Ms Childs was arrested at the rally. For writing down the license number of a suspicious car.
The car turned out to be that of the detective taking pictures of the event. She'd become suspicious when the stranger was taking all those pictures. (WXIA/The Raw Story)
Thursday, January 26, 2006
"The program's legal, it's designed to protect civil liberties...."Democratic strategist Bob Fertik has ticked off Republicans with his own domestic spying program.
-- President Bush, 1/26/2006, on the warrantless wiretapping program criticized as an assault on civil liberties
There's been a ton of talk lately about how easy it is to buy someone's cell phone records from companies found on the Internet.
Mr Fertik suggests Democrats start buying the cell phone records of Republicans and start digging up the dirt on them.
Wednesday, January 25, 2006
The likely next House Majority Leader took money from a phone-sex millionaire.
Rep Roy Blunt (R-MO) (left) is on his way to winning the coveted post of House Majority Leader -- replacing Rep Tom DeLay (R-TX) who's been indicted and is awaiting trial in Texas.
Rep Blunt has a political action committee -- or PAC -- that's contributed money to other Congressmen to buy -- make that "earn" their loyalty in these kind of races for House Leadership posts.
And it turns out that the biggest contributor to Mr Blunt's PAC made his fortune in the 90s with a phone-sex business.
Jeffery and Dawn Prosser chipped in a total of $10,000 for Mr Blunt's PAC -- which by the way is called the "Rely on Your Beliefs" fund.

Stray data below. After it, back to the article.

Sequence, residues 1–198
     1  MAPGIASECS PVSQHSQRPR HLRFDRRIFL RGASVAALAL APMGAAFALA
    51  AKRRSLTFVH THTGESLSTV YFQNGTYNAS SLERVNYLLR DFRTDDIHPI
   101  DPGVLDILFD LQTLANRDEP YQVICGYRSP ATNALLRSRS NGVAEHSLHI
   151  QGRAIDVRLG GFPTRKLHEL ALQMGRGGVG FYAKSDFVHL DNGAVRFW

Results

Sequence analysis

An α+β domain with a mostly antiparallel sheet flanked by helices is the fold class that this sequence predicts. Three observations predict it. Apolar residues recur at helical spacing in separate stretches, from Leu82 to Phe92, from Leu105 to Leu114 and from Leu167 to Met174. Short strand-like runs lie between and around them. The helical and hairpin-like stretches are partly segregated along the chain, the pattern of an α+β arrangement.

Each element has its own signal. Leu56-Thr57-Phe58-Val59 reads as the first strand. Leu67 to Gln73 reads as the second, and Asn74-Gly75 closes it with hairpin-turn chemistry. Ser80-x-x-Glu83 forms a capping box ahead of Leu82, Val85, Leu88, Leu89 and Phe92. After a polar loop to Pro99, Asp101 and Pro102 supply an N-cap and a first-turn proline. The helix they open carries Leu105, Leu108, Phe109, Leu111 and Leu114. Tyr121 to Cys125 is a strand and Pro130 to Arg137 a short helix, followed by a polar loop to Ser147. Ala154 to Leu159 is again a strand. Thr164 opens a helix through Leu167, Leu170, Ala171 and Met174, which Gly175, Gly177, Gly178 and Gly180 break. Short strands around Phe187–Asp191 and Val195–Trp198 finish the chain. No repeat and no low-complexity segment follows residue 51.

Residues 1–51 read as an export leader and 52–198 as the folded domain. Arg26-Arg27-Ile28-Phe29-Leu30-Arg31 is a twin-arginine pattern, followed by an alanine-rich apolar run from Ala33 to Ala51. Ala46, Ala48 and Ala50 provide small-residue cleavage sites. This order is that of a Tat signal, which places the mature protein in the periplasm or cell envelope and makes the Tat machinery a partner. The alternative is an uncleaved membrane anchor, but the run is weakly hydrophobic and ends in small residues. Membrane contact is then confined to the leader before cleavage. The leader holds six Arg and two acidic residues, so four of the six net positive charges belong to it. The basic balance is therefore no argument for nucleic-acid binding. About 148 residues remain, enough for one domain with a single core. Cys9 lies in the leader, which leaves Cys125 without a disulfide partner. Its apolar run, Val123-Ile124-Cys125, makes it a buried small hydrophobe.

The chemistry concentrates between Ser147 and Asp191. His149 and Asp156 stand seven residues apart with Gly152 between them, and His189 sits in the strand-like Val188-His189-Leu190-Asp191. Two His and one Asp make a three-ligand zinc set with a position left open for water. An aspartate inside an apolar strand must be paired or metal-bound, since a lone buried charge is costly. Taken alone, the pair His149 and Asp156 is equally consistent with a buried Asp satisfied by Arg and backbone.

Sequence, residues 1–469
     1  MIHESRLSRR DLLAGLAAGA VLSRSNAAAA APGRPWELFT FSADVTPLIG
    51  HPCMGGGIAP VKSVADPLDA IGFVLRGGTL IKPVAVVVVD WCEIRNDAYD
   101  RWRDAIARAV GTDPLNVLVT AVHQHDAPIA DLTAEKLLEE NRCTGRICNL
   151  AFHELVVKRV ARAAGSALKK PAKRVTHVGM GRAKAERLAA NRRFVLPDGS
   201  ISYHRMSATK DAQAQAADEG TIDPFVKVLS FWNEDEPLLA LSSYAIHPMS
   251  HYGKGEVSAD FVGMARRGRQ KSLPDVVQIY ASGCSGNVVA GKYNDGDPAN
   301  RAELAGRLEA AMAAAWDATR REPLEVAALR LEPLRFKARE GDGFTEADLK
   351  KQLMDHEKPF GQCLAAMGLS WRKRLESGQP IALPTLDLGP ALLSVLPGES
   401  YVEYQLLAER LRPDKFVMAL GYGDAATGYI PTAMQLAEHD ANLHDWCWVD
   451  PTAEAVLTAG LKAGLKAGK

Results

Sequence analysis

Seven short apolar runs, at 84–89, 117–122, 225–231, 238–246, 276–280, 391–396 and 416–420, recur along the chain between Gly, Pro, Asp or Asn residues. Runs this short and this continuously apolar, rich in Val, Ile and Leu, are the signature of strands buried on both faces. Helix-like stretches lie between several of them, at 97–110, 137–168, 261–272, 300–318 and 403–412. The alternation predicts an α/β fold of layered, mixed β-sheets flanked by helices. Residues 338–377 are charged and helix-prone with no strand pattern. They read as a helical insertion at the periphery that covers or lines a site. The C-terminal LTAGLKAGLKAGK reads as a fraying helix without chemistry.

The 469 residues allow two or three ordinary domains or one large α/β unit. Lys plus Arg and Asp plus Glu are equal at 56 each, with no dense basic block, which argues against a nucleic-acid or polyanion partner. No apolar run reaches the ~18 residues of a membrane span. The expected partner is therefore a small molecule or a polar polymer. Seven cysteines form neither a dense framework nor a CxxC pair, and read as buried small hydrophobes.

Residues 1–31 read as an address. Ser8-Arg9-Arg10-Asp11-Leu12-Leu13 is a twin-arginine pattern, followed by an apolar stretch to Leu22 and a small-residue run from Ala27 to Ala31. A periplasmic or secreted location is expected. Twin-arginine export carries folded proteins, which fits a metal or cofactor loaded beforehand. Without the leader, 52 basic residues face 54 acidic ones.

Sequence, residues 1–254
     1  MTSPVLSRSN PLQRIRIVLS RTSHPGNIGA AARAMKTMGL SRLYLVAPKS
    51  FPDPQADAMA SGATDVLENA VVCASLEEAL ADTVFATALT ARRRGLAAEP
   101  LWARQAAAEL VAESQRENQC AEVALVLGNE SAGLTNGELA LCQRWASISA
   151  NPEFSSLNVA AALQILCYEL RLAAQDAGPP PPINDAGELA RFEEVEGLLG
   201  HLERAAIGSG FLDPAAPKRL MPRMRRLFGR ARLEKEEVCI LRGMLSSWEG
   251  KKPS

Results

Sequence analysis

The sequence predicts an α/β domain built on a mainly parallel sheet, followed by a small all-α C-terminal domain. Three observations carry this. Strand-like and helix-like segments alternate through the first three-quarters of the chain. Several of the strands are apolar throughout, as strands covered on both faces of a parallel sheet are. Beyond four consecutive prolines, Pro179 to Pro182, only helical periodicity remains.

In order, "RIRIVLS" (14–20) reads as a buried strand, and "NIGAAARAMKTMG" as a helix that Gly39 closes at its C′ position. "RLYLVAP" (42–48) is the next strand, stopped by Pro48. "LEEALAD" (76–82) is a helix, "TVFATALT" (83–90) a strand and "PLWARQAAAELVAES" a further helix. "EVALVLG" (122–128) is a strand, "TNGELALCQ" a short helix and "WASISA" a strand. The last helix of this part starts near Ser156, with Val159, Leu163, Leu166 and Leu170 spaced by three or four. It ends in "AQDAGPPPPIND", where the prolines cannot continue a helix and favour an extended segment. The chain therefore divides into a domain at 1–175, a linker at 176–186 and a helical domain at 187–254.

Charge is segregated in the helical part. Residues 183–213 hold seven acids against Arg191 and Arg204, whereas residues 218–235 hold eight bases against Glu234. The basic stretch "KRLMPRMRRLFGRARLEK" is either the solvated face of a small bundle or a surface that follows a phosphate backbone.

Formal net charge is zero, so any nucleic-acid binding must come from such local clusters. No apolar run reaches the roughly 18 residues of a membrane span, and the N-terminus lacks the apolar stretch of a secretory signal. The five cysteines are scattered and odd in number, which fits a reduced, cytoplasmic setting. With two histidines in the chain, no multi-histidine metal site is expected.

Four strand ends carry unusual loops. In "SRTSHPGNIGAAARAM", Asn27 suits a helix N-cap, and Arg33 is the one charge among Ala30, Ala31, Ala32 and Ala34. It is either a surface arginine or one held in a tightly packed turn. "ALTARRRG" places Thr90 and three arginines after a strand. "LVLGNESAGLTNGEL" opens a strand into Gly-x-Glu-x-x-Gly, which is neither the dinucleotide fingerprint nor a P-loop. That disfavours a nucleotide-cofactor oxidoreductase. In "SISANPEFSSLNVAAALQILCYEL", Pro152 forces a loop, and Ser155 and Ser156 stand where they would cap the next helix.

Lessee. Republicans have taken a ton of cash from Jack Abramoff's casino connections. The likely next Republican Leader took a ton of 1-900 cash.
Gambling and phone-sex.
So tell me how those "Values Voters" came to vote for the GOP? (Roll Call via The Raw Story)
The administration cites "confidentiality" of it's communications.
Should have had the NSA listening in on them, I guess.
The administration also says it won't make top White House leaders available to testify under oath before the two Congressional committees investigating the post disaster disaster.
President Bush has promised publicly in speeches and appearances throughout the Gulf Coast to help rebuild the region.
But the White House has formally notified Rep Richard Baker (R-LA) it won't support his bill to have the federal government bail out homeowners and mortgage lenders. That's something state and local leaders say is crucial to any rebuilding plan.
"Out of the rubbles of Trent Lott's house -- he's lost his entire house -- there's going to be a fantastic house. And I'm looking forward to sitting on the porch." -- President Bush, September 2, 2005
Oh, well. Guess President Bush will have to find some other place to sit. (NYT)
Quick links to all the pertinent pages.
Don't forget, we here at Watching Washington also offer podcasts and are gearing up for the launch of our vodcasts starting Monday, January 30.
You can subscribe to Watching Washington Podcasts & Vodcasts by downloading iTunes (at www.iTunes.com) and clicking on the links at the top of the right hand column. (The Hotline)
The tapes suggest a revitalized al Qaeda -- forced out of Afghanistan, only to find refuge in tribal areas of Pakistan. American forces aren't allowed to cross the border to go after them -- Pakistani troops don't dare cross into the tribal areas where they're not welcome. (ABC)
The report concludes the Army can't keep up it's pace long enough to defeat the insurgency in Iraq. It also suggests the Pentagon's top brass is aware of the problem -- and that it led to their push to start withdrawing troops. (AP)
Tuesday, January 24, 2006
The Center for Investigative Reporting suggests a judge President Bush nominated to one of the highest courts in the nation has repeatedly broken federal law repeatedly since arriving on the bench.
The Center's Will Evans examined court records and other documents in his report for Salon.com.
He found Judge James Payne took action and issued more than 100 orders in at least 20 cases that involved companies in which he or his wife owned stock.
He serves a as chief judge in Utah, Colorado, Wyoming, Kansas, New Mexico and Oklahoma.
Federal law and the official Code of Conduct for U.S. judges forbids judges from sitting on cases involving companies in which they own stock.
That's the law — no matter how small their holdings.